It's very obvious that Brooks Vinton has been at this for a while, and her enthusiasm for local produce and making eating well accessible to everyone is immediately evident. She's bubbly about cool things like gastriques and making cider vinegar, but still includes stalwart recipes for applesauce and classic jams. This book truly is for beginners and pros alike.

The cranberry molasses that I tried from the book is so simple! Next time I would probably try lowering the sugar because that's my thing these days, and it might help the ability to cook it longer without it jelling. The only thing I'll take Brooks Vinton to task for is not giving you an idea for the left over cranberry pulp. The book is chock full of little tips like this, so I'll let it pass! I used a cup  in some muffins, and I put the rest in a smoothie. I hope to try the molasses with the companion Use It Up! recipe: duck confit salad with cranberry molasses. Could that sound ANY better? No, it can't!

Cranberry Molasses
adapted from Put 'em Up Fruit by Sherri Brooks Vinton
Yield: 2 cups

4 cups of water
1/2 pound of cranberries
2 cups dark brown sugar (I used light brown sugar)

Bring the water and cranberries to a boil, and let them simmer for about 15 minutes, letting the berries pop and soften. Strain the juice through a fine sieve to get all that gelatinous pulp and seeds out. The juice is brilliant red!

Bring the juice (it will be about 2 cups worth) and sugar to a boil in your jam pan. Let it simmer until it coats the back of the spoon. Brooks Vinton recommends 10 to 15 minutes, but I went longer, about 30 neglecting to notice the comment: "the molasses will thicken as it cools." Mine was thick and lovely, but did jell slightly upon cooling. It is so soft though, that a few stirs with a fork turns it back into syrup. You can process this in a boiling water bath for ten minutes, or stash in the fridge for up to three weeks.


Please visit the book's webpage where you'll find a trailer, and videos to some of the recipes in the book. There are other chances to win a copy of the book! Some are over already, but some haven't even started yet. Check out this list of folks on the book blog tour:

April 8: Food In Jars
April 9: Punk Domestics
April 11: Local Kitchen
April 12: Mission: Food

Congratulations to the winner: Deborah Rosen. Many thanks to all who entered! There's still time to win at The Hip Girl’s Guide to Homemaking and From Scratch Club!

Thanks to Storey Publishing, I have one copy of Put 'em Up! Fruit to give away. To enter for a chance to win, leave a comment on this post. Comments will close at 11:59 p.m. EST on Friday, April 19, 2013. The winner will be chosen at random and be posted to the blog the next day. With Blogger it seems I can't email commenters directly (your email address remains anonymous to everyone, even me), so if you are not linked to a blog please leave a way for me to reach you, or check back to see if you won. And my sincere apologies, but only U.S. residents are eligible.

Disclosure: I was provided a copy of Put ‘em Up! Fruit free for the purposes of review and participation in the blog tour. One copy will be provided to the giveaway winner, courtesy of Storey Publishing. I received no monetary compensation and all opinions are my own.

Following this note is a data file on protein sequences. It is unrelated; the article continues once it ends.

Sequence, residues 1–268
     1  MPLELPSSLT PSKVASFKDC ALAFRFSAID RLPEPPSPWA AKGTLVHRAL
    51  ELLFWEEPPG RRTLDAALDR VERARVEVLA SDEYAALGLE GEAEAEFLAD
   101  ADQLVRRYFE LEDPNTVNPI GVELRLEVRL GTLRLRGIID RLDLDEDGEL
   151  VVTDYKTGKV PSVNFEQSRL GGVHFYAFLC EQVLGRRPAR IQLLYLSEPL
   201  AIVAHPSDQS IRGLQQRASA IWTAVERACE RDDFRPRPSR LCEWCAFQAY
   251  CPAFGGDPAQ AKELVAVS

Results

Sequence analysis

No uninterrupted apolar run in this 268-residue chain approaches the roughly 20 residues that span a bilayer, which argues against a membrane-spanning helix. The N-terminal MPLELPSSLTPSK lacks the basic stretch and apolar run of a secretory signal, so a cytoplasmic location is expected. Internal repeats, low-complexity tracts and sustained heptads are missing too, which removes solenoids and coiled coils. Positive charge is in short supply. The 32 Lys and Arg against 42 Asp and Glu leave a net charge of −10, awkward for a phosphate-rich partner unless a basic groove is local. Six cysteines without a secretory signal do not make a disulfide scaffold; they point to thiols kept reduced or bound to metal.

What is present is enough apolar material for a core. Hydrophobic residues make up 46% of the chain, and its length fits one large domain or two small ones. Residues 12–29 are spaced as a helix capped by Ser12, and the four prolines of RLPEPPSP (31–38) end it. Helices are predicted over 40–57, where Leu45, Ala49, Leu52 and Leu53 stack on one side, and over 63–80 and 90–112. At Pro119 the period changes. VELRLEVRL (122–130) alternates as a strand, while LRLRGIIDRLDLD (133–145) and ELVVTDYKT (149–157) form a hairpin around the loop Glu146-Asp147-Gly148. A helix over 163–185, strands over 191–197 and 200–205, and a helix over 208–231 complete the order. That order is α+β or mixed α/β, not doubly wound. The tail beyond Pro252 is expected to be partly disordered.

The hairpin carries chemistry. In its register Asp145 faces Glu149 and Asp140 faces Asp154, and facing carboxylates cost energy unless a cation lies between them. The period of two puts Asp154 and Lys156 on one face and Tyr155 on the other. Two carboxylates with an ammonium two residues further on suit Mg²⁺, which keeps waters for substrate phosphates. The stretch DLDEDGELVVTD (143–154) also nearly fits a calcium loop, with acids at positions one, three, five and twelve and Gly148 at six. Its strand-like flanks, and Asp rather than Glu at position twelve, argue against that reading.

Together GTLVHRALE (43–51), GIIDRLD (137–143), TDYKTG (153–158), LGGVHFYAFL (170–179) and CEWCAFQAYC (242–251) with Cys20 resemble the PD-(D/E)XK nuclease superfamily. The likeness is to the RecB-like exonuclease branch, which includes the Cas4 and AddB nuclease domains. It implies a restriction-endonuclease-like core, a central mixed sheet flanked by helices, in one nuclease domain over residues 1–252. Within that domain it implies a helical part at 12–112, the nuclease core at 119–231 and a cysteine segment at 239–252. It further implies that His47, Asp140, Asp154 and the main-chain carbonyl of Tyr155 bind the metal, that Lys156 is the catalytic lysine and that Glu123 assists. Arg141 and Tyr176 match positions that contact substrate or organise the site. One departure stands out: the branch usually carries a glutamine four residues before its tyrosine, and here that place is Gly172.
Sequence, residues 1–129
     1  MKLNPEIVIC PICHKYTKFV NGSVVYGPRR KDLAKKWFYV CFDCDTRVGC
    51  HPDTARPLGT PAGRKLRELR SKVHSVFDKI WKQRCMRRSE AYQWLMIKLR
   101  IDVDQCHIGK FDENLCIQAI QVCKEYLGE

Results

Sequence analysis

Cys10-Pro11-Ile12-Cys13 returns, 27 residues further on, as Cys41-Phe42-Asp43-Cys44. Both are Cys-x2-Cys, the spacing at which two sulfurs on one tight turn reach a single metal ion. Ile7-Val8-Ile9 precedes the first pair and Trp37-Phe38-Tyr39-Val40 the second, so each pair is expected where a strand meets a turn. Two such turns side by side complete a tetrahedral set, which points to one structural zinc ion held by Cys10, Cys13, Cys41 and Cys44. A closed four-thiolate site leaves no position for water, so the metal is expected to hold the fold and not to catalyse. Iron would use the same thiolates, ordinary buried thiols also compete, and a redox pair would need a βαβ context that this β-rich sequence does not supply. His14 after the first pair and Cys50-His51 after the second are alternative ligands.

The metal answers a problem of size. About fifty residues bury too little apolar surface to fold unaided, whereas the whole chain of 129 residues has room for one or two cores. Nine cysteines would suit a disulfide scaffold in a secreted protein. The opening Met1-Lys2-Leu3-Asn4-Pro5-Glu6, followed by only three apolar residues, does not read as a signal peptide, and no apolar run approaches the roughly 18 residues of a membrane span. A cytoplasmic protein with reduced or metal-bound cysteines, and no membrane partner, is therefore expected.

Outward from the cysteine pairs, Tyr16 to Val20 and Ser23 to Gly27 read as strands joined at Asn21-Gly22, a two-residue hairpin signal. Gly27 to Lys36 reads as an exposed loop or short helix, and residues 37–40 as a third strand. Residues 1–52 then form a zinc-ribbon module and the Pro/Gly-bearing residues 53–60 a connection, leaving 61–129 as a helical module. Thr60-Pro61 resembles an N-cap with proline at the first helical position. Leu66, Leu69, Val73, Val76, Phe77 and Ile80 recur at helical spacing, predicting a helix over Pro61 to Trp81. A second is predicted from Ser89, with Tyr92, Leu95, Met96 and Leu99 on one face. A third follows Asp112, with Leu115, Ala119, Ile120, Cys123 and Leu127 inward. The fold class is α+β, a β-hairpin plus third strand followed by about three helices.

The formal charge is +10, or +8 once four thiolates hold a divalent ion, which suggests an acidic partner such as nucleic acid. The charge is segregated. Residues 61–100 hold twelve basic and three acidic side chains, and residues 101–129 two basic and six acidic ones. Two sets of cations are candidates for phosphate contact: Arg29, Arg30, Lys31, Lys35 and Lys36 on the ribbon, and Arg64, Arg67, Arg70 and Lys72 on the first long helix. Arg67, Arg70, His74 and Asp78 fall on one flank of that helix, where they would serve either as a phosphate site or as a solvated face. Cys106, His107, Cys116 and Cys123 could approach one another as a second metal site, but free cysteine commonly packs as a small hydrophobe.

Monday, April 1, 2013

Eight Lunches

What do you eat for lunch? It's something I think about every day. I'm know I'm not the only one! This is what I think: How can I eat healthily and inexpensively? And mostly: quickly. I'm always curious what the heck people actually eat. I mean, we all have our ambitious ideas--big recipes that are usually meant for dinner. Lunch is sort of forgotten territory. I wish I didn't neglect it as much as I do, and I'd love to get more of a system going on. When I make a good lunch, I take a picture so I can remember it. Sometimes, it's a little too late, like the above picture.  A few pickled beets chopped up, some crumbled feta, salad greens, olive oil and a sprinkle of sunflower seeds make a great salad.
Of course, leftovers. I made a lot of squash dumplings for dinner and sauteed them with onions and a hearty handful of chopped parsley. They were great fried up the next day. I don't understand people who don't like leftovers. I love them!!
 A toasted baguette, a can of sardines in olive oil spread with a fork, topped with chopped dill and parsley, salt and pepper, more olive oil. Perfection. Always keep tinned small fish on hand: sustainable, good for you, inexpensive, tasty.
My favorite. Smoked salmon, capers, two fried eggs, salad, pita. I'd eat this even without the salmon. Eggs are a mainstay of my lunches.
Leftover turkey and gravy on toast with capers. Hot open faced sandwich. So. Good. You might have noticed that I put capers on just about anything. They are a must in my kitchen.
Summer rolls. They are pretty easy. Really!! These are sort of on the ugly side, but they still tasted great. Looks aren't everything, as they say. Shrimp are bonus, but not necessary. Another way to get a good bunch of veg in you. Lately, I've been buying Maine shrimp, sold frozen in a local grocery store. They come in handy to throw into something like this, or a salad, or something more ambitious, like dumplings. (Pictured are not those shrimp, though.)
Leftover pancakes rolled with smoked salmon, salad, Greek yogurt (and some capers, I'll bet). You can see I like smoked salmon on everything, too. A little bit goes a long way.